Whangarei Mayor Sheryl Mai says the government needs to get a loud and clear message that her council would not be fluoridating its water unless the government pays.
Compulsory fluoridation for Whangarei and Bream Bay council drinking water supplies is moving closer – at a cost of more than $3 million – as the government moves to impose the controversial additive’s inclusion in council water supplies nationally.
“If you (the government) don’t fund us, we will not be complying and we are expecting funding for the ongoing operating costs too,” Mai said.
Her comments came at a Whangarei District Council (WDC) briefing meeting on Thursday.
“If you (the government) want fluoride, you pay for it,” Mai said.
The government brought in the Health (Fluoridation of Drinking Water) Amendment Act 2021 in November. It gives the Director-General of Health the power to direct a local authority to add fluoride to its drinking water supply.
Director-General of Health Dr Ashley Bloomfield late last year wrote to WDC, ahead of likely issuing a “direction to fluoridate” from the middle of this year.
Bloomfield wrote to WDC for second time on 3 May, asking how the council could speed up its efforts to fluoridate, after they initially told him that would take three years to achieve. His correspondence to the council also included reasons why fluoridation was to be introduced locally.
Mai said WDC’s letter of reply, to be sent to Bloomfield next week in response to that May correspondence, needed to clearly pass on the council’s position on fluoridating its Whangarei and Bream Bay water supplies.
“This is a health issue and we are being forced into putting fluoride into our water supply,” Mai said.
WDC does not fluoridate any of its drinking water. This follows a 2002 referendum where 62 percent of people were opposed to fluoridation. That position has been re-affirmed through long term planning over the subsequent two decades.
Council chief executive Simon Weston said upgrading council water supplies to be able to dose with fluoride would cost WDC $2.9 million. Annual operating costs would be $100,000.
Weston said the work to be able to add fluoride to council drinking water along with forecast time allocations provided to Bloomfield would be dependent on funding.
“These timeframes are dependent on adequate funding and resources including consultants, contractors and staff, and materials being available,” Weston said.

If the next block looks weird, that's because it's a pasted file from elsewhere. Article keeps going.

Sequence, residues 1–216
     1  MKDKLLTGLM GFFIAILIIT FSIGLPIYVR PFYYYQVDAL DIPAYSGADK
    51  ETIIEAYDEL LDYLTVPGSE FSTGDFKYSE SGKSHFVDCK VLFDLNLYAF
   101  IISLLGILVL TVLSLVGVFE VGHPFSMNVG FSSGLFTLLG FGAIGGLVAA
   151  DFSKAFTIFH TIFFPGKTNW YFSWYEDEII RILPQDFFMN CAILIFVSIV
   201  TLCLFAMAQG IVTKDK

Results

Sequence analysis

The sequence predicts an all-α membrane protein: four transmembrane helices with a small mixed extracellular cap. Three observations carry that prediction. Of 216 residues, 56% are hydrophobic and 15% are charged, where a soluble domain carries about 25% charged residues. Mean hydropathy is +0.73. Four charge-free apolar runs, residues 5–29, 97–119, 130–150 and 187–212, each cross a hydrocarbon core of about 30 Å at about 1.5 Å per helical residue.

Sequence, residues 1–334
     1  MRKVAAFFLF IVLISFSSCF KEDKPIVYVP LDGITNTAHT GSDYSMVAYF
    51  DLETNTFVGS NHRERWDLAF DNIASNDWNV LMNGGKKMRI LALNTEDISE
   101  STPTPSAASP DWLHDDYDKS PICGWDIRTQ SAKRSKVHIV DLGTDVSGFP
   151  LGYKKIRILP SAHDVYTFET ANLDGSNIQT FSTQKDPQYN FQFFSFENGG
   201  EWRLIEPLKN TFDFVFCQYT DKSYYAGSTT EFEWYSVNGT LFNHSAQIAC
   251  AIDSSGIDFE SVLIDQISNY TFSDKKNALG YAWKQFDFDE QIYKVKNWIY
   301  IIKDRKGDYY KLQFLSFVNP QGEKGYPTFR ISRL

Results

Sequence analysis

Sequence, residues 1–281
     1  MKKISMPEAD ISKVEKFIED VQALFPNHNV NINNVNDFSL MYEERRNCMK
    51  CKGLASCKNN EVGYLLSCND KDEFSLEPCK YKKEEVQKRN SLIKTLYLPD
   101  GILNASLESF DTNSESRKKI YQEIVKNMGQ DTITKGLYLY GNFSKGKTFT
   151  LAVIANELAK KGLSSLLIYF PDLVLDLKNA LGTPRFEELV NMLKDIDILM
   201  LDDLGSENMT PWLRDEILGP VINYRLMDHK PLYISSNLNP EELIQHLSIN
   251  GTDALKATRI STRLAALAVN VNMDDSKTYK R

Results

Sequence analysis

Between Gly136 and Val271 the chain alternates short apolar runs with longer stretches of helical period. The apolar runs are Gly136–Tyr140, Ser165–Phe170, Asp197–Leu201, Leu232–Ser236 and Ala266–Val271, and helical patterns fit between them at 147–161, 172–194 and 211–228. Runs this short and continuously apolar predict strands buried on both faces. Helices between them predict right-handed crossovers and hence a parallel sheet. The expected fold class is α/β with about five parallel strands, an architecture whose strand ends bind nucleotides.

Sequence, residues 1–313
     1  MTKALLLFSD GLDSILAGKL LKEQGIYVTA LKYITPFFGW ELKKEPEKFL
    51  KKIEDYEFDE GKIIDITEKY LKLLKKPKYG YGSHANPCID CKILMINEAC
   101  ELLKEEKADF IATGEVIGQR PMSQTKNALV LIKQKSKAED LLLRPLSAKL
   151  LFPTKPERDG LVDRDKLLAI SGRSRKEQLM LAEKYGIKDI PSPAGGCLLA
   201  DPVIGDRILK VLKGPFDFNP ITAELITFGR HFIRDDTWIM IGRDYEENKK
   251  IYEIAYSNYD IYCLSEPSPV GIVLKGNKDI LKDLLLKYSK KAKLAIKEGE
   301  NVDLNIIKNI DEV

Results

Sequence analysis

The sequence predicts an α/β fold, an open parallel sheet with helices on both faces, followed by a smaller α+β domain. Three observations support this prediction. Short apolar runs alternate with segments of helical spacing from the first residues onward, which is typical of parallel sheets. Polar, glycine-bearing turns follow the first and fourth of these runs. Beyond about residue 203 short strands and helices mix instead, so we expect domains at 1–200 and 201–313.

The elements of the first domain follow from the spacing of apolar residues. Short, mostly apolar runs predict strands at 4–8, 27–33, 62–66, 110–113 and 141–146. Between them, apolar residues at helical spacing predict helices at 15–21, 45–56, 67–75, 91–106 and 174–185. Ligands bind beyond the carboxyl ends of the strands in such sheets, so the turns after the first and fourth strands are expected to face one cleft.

“If external funding is not available, then other projects will need to be cut from council’s water projects lists over these (fluoridation conversion) years to avoid further water rates increases.”
Weston said the compulsory introduction of fluoridation could be delayed until three waters reforms were completed.
This would allow existing water suppliers time and money to meet the new toughened water standards requirements of the government’s newly set up national water regulator Taumata Arowai.
It would also allow co-ordination, creating a uniform and consistent approach across each of the government’s four new giant inter-regional water services entities.
Weston said if directed, work on setting up for fluoridation at the WDC’s Whau Valley water treatment plant could begin immediately. This plant provided most of Whangarei city’s water.
If directed, the council could include fluoride dosing equipment in the current upgrade of its Poroti water treatment plant.
Work on Maunu Springs Ruddells water treatment plant could be done by the end of next year.
Bream Bay’s two Ahuroa and Ruakaka water treatment plants could be upgraded, resources permitting during the 2023/2024 financial year.
Bloomfield said fluoridating Whangarei and Bream Bay drinking water – at a rate of .7-1mg/litre – would significantly reduce the prevalence and severity of dental decay. Fluoridation at these levels was considered safe and effective.
“Overall, a person living in the Whangarei District Council area is likely to have significantly poorer oral health outcomes than the average person in New Zealand,” Bloomfield said.
“The data shows there are significant opportunities for improvement. There are inequitable oral health outcomes between Maori and non-Maori,” he said.